A little sun and salt

Tomorrow will be the first anniversary of our engagement and if there's anything I find more surprising than how quickly time has passed, it would be the montage of my random recollections of that day.

If you were to ask a million people to free-associate the words "engagement" or "proposal" it is highly unlikely that you would hear a chorus of cows, neon orange scuba suit, or giant-teddy-bear-riding-shotgun-in-an-Ariel-Atom from any of them - save one if, by some bizarre coincidence, I happened to be in your sample pool.

Another unlikely association would be salt. But being the kind of girl who associates all major events in her life with some kind of taste, this is one of the things I remember the most vividly from that crazy cool day.

The actual proposal came quite unexpectedly one lazy afternoon whilst we enjoyed an impromptu picnic during the only 2-hour window of sunshine all weekend. Our "feast" consisted of one bottle of Veuve (inexplicably sporting the above-referenced scuba suit), half a salami, a block of cheese and some leftover tapenade from the day before, and the last remnants of a bag of garlic crostini leftover from God-knows-when.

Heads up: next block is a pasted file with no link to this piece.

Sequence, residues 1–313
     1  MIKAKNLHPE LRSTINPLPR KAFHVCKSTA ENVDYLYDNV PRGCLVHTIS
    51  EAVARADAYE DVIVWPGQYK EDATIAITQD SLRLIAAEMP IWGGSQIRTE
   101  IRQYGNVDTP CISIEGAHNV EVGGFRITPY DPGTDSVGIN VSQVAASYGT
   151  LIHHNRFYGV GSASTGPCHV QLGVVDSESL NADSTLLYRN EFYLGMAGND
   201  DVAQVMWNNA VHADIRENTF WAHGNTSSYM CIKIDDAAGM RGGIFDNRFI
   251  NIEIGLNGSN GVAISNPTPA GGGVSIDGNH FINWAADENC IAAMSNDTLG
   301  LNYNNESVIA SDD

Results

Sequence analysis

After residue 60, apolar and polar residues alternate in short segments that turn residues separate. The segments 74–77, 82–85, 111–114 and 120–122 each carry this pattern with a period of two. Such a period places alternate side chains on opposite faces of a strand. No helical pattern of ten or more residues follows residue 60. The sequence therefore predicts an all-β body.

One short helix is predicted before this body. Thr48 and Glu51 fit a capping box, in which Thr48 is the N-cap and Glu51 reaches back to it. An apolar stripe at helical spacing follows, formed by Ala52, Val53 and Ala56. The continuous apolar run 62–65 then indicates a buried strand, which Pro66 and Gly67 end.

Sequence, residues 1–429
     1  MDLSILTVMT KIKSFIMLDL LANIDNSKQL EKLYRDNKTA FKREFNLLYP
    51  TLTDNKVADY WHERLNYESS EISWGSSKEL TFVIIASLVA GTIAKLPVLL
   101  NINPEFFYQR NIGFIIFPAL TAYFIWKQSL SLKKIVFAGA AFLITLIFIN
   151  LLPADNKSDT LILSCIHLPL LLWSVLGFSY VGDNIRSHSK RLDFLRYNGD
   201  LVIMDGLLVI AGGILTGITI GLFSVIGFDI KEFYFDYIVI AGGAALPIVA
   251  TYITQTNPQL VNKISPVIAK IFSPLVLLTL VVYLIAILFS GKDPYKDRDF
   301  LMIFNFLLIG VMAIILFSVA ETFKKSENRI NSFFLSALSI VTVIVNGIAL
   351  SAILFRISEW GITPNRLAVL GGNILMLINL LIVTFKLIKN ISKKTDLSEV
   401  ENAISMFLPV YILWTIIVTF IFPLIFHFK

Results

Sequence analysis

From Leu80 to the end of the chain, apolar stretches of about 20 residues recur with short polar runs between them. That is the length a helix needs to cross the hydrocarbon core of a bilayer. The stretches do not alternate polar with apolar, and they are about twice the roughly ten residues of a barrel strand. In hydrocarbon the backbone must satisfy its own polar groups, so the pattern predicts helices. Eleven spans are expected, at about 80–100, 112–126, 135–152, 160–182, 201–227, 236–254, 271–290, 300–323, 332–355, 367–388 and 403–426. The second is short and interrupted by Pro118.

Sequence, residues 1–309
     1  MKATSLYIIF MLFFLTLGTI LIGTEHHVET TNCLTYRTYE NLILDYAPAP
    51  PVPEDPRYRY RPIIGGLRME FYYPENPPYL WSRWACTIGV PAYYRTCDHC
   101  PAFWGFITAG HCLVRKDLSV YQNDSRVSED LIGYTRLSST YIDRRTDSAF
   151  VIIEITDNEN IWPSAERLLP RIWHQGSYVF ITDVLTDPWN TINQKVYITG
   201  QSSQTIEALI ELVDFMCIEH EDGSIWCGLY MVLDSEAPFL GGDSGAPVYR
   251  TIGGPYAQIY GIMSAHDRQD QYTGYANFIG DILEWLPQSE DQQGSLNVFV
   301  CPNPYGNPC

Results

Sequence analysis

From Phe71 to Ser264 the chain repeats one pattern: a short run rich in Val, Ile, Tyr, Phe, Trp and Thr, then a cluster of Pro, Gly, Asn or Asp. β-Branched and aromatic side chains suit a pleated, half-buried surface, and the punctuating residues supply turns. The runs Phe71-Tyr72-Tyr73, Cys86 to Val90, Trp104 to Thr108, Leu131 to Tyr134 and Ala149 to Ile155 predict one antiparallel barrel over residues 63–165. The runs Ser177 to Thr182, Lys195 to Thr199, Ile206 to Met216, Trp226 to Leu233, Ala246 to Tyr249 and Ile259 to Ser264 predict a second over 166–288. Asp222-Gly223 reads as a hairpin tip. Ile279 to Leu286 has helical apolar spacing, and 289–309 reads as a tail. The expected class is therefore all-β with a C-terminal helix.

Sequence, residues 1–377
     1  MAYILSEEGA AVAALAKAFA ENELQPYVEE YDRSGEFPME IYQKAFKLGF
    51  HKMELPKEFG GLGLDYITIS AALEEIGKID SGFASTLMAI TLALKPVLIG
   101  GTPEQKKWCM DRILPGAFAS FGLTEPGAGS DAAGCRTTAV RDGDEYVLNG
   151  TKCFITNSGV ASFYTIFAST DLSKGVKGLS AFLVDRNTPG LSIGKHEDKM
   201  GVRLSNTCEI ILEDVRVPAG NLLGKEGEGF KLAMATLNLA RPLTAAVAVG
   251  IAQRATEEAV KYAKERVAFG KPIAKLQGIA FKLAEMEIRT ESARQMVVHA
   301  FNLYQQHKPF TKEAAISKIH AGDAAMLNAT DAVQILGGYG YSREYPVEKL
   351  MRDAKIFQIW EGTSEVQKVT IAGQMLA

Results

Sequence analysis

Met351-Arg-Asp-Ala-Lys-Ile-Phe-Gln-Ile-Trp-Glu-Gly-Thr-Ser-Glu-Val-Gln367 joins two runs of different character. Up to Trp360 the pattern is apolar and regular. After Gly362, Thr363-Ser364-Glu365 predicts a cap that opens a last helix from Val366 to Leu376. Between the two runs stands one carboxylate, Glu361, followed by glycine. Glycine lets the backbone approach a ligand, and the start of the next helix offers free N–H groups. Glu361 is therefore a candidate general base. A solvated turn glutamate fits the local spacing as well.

It wasn't especially practical to eat out of the boot of the car...

...but luckily, we happened to have an emergency hairdryer box on hand.

This is just one of the many reasons why I love this man so. 

That and the fact that many a would-be fiancé might have panic-paired a last-minute champagne proposal with a bunch of chocolates, sweets or something slightly less savory, but not mine. I may be a certified sugar-monkey, but when push comes to shove, I'll take a sassy salt-block over a sappy sugar-cube any day of the week. Besides, any more sweetness that day would have sent me straight into hyperglycemic shock.

Then again, truth be told, I was pretty salty myself that day - figuratively and literally.
If you're interested in the full story, you can read about it here.

Later that evening we met up with Francesco and Katrin - who, henceforth, will be affectionately referred to as the FranKat's - and the four of us continued celebrating all night at Algarve.

Named for a small region in Southern Portugal, Algarve is the only Portuguese restaurant in Utrecht and conveniently located around the corner between our respective houses. With a handful of tables in the front and one guy doing all the cooking in the back, it's one of those delightful little gems that really transports you and turns a simple dinner into a virtual holiday.